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Late-Night Lessons Learned? January 21, 2010

Posted by David Card in Media.
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Act II of the latest soap opera over late-night talk seems to be drawing to a conclusion. (Haven’t we seen this before?) Act III concludes when Conan O’Brien shows up on Fox — more likely FX — or Comedy Central, I guess. The action was fun, in a nasty, massive Hollywood ego-puffing sort of way, but have we learned anything?

David Carr’s New York Times piece suggests talkshows were old-school search engines, summing up the day’s highlights as we drifted off to sleep. As such, they’re unnecessary now, replaced by online, on-demand substitutes.

David Letterman disagrees. He proposes that there’s room for  everybody, about 4 minutes in to this very funny bit. Maybe, as the Wall Street Journal says, the lessons are just in succession planning.

Always a maverick, Mark Cuban thinks NBC’s failed attempt to move Jay Leno into prime time was a ballsy attempt to address the crazily out-of-whack economics of network TV.

I don’t disagree, but then I wonder why no one’s asking NBC chief Jeff Zucker why it didn’t work. At the time, he said NBC’s lower ratings would be more than compensated by its lower cost of production. Leno’s ratings were better at 10PM than they had been at 11:30, and though they were pretty shabby compared to big 10PM hit dramas, they were in line with what NBC expected. That should have resulted in a profitable, cheaper-to-produce strip for NBC. Did it? Or did advertisers pay even less? Or did the audiences lost by local affils from Leno’s weaker 10PM lead-in kill the experiment?  Or was it the additional audience going to CBS and ABC at 10, not to mention at  11:30? (Letterman was killing Conan where Jay had previously been number one.)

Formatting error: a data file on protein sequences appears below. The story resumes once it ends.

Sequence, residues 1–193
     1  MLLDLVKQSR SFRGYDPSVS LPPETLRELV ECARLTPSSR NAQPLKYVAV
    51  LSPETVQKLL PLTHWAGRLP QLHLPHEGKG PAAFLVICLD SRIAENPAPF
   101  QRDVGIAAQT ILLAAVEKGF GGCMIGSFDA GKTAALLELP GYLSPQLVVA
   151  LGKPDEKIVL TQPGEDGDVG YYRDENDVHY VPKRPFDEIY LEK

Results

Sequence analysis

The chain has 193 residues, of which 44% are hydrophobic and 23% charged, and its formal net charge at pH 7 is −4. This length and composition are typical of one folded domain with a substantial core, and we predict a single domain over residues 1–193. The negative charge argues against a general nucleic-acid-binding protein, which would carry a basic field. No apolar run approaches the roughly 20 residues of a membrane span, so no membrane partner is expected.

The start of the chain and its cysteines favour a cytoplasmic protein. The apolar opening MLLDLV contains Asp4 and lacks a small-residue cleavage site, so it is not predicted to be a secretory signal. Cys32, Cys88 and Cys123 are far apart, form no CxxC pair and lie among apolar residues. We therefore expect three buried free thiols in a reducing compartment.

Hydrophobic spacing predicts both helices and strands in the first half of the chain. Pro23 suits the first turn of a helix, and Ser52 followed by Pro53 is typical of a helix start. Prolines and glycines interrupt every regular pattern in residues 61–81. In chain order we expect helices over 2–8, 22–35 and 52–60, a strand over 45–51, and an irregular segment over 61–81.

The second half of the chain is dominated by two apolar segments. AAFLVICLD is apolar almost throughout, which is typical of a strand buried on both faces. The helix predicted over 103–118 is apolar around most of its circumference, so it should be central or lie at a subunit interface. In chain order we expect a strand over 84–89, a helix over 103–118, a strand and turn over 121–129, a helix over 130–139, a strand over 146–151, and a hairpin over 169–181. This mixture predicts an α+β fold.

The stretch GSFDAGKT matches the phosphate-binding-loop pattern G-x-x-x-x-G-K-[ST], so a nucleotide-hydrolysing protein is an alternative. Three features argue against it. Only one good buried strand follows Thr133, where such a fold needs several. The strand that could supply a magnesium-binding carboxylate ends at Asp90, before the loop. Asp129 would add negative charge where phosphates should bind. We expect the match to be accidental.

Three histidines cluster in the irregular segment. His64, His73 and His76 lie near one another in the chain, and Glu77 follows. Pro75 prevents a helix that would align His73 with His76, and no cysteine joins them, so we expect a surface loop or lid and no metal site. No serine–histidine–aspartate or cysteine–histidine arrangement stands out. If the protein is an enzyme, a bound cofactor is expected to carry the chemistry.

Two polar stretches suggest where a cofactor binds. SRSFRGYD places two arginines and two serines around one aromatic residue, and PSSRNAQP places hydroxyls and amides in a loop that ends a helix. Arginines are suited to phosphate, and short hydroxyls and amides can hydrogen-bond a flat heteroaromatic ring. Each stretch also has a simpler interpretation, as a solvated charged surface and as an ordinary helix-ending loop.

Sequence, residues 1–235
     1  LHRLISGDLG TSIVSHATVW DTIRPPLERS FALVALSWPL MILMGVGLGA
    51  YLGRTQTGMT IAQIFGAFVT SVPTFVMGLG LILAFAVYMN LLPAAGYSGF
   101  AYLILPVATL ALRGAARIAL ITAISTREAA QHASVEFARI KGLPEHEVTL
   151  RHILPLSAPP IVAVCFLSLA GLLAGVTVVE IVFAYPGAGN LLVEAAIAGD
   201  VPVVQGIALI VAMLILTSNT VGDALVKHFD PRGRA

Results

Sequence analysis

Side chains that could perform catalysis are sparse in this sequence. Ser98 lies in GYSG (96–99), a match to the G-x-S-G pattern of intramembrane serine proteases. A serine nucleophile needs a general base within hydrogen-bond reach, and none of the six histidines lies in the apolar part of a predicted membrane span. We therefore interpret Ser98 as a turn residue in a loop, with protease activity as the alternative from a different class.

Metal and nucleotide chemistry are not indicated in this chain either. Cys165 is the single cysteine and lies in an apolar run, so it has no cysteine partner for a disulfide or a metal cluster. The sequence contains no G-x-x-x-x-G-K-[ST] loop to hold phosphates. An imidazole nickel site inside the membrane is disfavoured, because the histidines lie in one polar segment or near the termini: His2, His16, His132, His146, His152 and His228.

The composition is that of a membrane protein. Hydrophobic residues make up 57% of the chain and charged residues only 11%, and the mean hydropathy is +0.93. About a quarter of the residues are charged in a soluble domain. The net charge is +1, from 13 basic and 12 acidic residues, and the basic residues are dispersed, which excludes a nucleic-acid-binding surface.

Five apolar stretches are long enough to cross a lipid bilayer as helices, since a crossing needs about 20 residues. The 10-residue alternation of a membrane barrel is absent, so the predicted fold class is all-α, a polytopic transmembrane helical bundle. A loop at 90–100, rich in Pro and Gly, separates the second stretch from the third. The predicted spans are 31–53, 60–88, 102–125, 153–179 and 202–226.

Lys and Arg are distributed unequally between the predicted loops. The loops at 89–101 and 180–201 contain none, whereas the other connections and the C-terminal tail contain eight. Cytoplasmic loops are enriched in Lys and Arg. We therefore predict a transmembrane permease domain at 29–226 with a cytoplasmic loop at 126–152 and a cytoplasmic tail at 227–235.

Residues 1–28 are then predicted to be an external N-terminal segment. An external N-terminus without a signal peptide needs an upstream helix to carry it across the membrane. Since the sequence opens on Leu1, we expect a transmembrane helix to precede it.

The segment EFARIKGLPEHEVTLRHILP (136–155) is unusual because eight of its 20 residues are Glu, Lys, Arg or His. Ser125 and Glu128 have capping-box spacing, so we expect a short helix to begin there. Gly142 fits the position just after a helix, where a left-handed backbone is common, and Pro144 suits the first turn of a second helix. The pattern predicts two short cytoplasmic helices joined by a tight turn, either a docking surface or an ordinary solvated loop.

So what should Conan do next? Neither Fox, ABC or cable is going to pay him like NBC did, but I suppose a $30 million buy-out can tide you over for a while. I don’t think any real pundits has suggested he go online/digital-only, though I think I saw some reader comments to that effect. That’s a bad idea; the money’s not there yet. But wherever he ends up, he should follow James McQuivey’s advice to Oprah and accommodate the new media, if not optimize for them.

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